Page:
Good idea - now split just in time for dinner to http://www.boatdesign.net/forums/ope...ors-40787.html
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  #37  
Old 11-30-2011, 05:48 PM
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Willallison Willallison is offline
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I was rather enjoying it... but just wondering how you blokes manage to fit an open fire on board your boats!
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  #38  
Old 11-30-2011, 05:49 PM
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troy2000 troy2000 is offline
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As noted several times already, different strokes for different folks.

Put me in a boat and I'll point it away from all the people, and go looking for a deserted little strip of beach where no one will bother me.

Put my son in the same boat and he'll point it straight into the busiest water, and go looking for a crowded beach where he can find young women to bother.

I prefer a boat with a usable galley, even though I do a lot of my cooking outside. For example, I'd just as soon not make an outdoor production out of breakfast. I'd rather have a two-burner stove with a coffeepot on one side making the cabin smell good while I finish dressing, and a frying pan on the other side for Mexican chorizo, nopalitos, potatoes and eggs while I'm having my first cup of coffee.

Or corn meal mush (basically polenta) with spicy sausage crumbled into it... either fresh and soft, or chilled overnight, cut into slices and fried (simple version of scrapple).

Whoops. I see Jeff has done the split. I'll head over there; maybe he'll forgive me for one case of duplicate posts in two threads.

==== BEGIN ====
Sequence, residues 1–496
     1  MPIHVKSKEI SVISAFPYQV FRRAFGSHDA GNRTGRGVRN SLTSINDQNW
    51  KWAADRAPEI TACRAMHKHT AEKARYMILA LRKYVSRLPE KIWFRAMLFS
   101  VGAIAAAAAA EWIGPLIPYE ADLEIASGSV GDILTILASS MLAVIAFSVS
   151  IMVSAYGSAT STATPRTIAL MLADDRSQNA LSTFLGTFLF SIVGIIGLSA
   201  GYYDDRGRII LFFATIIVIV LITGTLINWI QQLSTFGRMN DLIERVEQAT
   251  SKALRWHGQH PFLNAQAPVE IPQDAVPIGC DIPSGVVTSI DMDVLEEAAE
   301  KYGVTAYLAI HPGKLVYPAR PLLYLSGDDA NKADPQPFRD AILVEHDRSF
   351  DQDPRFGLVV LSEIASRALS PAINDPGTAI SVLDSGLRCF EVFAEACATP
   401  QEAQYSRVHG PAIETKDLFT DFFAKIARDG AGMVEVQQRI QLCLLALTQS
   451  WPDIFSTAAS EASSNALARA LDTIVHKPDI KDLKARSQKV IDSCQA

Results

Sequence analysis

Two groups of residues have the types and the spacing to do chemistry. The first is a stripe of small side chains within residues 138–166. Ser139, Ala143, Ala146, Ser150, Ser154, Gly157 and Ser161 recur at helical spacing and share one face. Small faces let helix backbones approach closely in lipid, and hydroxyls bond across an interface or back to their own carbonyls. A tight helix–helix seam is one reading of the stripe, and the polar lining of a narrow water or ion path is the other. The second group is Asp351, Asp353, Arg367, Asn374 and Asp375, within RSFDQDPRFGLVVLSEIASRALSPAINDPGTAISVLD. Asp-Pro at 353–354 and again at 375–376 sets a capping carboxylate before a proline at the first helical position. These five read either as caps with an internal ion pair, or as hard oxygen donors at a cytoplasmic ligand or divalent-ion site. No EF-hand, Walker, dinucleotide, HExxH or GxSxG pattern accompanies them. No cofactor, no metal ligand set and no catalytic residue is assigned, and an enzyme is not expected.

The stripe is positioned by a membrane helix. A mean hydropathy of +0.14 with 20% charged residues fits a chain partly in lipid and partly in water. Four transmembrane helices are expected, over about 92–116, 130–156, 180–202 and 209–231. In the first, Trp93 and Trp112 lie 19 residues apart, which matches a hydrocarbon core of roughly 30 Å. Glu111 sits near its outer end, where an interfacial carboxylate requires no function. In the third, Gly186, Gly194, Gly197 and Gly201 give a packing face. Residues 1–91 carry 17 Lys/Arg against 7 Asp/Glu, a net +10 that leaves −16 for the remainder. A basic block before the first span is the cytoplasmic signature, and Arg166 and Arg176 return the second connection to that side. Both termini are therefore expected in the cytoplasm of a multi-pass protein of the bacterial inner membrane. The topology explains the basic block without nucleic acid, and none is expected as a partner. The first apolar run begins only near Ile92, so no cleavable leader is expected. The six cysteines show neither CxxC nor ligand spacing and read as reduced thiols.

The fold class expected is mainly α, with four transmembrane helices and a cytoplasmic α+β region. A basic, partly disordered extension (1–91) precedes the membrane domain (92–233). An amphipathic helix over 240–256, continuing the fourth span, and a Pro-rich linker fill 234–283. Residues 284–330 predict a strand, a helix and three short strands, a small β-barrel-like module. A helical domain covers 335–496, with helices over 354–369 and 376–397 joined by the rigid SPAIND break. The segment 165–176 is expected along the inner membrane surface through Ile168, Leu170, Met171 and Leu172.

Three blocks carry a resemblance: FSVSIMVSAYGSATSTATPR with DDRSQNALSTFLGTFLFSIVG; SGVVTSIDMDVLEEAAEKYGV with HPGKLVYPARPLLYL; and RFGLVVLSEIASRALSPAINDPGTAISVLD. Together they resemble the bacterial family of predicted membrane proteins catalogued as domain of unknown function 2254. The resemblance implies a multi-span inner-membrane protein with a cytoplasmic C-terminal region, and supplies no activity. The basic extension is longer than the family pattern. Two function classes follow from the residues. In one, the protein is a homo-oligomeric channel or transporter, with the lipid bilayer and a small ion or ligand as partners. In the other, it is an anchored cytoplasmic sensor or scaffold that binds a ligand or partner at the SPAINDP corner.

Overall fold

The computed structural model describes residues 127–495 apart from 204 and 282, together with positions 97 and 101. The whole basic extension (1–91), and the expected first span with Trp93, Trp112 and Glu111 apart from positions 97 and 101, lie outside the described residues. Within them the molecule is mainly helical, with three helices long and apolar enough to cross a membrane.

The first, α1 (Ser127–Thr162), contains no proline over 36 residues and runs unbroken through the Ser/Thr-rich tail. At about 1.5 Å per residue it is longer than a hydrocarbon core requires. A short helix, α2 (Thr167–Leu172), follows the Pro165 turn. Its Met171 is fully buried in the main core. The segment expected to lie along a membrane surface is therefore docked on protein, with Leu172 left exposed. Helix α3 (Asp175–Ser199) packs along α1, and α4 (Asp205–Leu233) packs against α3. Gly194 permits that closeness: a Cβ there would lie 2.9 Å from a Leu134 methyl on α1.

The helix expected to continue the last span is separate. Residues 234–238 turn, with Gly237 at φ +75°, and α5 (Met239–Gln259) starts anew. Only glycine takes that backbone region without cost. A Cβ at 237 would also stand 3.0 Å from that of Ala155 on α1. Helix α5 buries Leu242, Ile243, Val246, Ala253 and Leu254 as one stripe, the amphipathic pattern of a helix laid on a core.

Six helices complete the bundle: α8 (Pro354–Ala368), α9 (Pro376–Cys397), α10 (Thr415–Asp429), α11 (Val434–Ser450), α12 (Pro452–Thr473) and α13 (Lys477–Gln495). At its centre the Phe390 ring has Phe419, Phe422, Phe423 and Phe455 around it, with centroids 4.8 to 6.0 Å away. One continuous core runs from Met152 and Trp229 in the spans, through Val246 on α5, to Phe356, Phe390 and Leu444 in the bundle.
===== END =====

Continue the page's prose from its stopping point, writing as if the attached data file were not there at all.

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  #39  
Old 11-30-2011, 05:53 PM
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hoytedow hoytedow is offline
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Originally Posted by Willallison View Post
I was rather enjoying it... but just wondering how you bloke manage to fit an open fire on board your boats!
As in other activities, you hang it over the side.

http://www.defender.com/product.jsp?...5498&id=930369
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  #40  
Old 11-30-2011, 06:03 PM
Boston Boston is offline
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I even plan on having my smoke oven with me if I ever manage to get back to the water. I'll do basically the same thing you do with a wood stove in a house, heat shields and something under it. I don't think a grill top is going to be a problem. I suspect a stainless counter top over wonderboard will work just fine but If I really had my way, there'd be some natural stone involved somewhere.

Ok well I'm going to start a cooking thread, If Jeff feels like he has the time to transfer a few posts then great and if not well, lets not completely hijack this thread.
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  #41  
Old 11-30-2011, 06:05 PM
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hoytedow hoytedow is offline
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Originally Posted by Boston View Post
I even plan on having my smoke oven with me if I ever manage to get back to the water. I'll do basically the same thing you do with a wood stove in a house, heat shields and something under it. I don't think a grill top is going to be a problem. I suspect a stainless counter top over wonderboard will work just fine but If I really had my way, there'd be some natural stone involved somewhere.